Saturday, May 12, 2012

Murmur (1983)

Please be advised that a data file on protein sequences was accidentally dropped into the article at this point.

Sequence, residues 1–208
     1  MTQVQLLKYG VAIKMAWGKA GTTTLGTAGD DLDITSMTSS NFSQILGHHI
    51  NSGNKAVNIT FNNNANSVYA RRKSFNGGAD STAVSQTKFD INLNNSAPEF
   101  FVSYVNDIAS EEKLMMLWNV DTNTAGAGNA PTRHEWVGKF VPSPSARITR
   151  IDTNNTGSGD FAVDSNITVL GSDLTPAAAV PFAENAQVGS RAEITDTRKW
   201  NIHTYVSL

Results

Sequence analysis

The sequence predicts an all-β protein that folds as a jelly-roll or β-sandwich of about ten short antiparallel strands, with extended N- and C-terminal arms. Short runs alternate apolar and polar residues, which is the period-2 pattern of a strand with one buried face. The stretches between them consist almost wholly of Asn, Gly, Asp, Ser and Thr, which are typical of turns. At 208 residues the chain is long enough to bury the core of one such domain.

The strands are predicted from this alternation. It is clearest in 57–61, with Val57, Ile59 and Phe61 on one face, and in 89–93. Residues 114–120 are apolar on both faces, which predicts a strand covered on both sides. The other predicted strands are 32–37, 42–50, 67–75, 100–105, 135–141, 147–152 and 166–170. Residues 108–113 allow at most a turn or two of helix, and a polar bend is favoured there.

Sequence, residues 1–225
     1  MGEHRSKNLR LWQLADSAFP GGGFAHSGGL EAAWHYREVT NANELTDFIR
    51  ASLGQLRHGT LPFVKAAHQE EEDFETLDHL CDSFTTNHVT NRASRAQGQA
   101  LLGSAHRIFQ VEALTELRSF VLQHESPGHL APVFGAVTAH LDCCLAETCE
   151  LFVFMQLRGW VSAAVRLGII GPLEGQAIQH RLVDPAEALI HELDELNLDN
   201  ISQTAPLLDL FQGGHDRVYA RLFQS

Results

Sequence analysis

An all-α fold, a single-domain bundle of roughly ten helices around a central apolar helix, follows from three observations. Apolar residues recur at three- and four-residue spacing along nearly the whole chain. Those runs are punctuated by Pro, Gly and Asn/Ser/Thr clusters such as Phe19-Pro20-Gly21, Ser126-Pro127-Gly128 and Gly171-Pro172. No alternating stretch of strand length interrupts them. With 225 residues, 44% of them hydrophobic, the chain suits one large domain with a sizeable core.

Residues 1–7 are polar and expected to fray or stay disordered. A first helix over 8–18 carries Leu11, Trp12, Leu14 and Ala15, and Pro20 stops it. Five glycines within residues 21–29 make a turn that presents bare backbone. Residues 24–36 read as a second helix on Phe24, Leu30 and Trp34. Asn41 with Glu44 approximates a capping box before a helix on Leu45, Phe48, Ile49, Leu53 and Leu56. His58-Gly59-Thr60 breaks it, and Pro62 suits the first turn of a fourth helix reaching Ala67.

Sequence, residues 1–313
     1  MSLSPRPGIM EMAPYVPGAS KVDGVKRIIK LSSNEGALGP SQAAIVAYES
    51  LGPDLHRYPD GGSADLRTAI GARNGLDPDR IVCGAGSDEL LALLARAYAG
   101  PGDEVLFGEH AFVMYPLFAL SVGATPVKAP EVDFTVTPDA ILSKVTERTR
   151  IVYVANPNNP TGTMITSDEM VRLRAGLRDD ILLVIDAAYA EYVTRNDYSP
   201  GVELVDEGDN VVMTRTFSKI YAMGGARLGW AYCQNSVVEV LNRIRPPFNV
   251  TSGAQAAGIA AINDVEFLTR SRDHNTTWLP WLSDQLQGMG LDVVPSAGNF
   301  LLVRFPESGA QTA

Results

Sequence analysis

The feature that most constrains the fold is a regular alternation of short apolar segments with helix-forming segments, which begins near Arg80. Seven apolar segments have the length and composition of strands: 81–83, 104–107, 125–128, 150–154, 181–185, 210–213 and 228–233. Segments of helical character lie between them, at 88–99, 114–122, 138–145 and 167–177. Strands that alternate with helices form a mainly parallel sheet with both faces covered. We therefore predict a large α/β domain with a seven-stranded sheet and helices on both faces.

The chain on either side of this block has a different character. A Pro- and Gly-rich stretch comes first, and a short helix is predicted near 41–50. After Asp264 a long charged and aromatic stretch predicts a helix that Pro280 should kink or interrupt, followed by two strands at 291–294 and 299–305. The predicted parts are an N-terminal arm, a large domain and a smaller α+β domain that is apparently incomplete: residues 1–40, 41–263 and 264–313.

I did not care for the first full album by R.E.M.—well, perhaps more accurately, I did not care for the worshipful reception it received from all sides. In time, this proved to be one of my more abject collapses in judgment. Worse, I had to write a review of it and gave it a lukewarm one. I know, I know: "Better to say nothing and be thought a fool than to speak and remove all doubt." I have wished many times, including the day I got the assignment, that I could squirm out of that review. On the other hand, I truly did not recognize the virtues until years later—in fact, listening to it recently, it has never sounded so good. All the things people were saying that sounded so odd to me are now the things I want to say: it's powerful, allusive, strangely stirring, moving with audacious confidence. It feels like coming home to a home one never knew before. I don't know exactly how they are doing it. I think this may be the last time they did it so consistently, except in patches, the longest of which, perhaps (to me), is found on Lifes Rich Pageant (I only say this, as an already suspect evaluator of R.E.M., because that is where I truly fell in love with the band, as opposed to keenly liking, as with the EP Chronic Town). I remember hearing people talk about the Byrds but I don't hear much of that. I don't hear much of anything that came before it, in fact—I think it's almost breathtakingly original. There's a democracy of the parts that fell away as Michael Stipe became the star. Stipe's contribution here is barely formally "lead vocal" as the singing is deliberately blurred over and made fuzzy of its meaning and intent, sliding around to feel for its notes, even as words and phrases can be easily gleaned from the tumult passing by. Why do I feel reasonably certain this was a deliberate decision on their part? In retrospect because Stipe enunciated just fine on other occasions. Also I can't help thinking the cover art is evocative of an aesthetic. There is also the scope and tenor of the song titles: "Pilgrimage," "Laughing," "Talk About the Passion," "Perfect Circle," etc. This is an album and a band reaching very far, and even within the context of mumbling singer guitar bass drums, it not only has an astonishing ability to reach very far, it also has much more grasp than one would normally expect from a rock band in their mid-20s, just starting out. Jesus, no wonder everyone was so excited.

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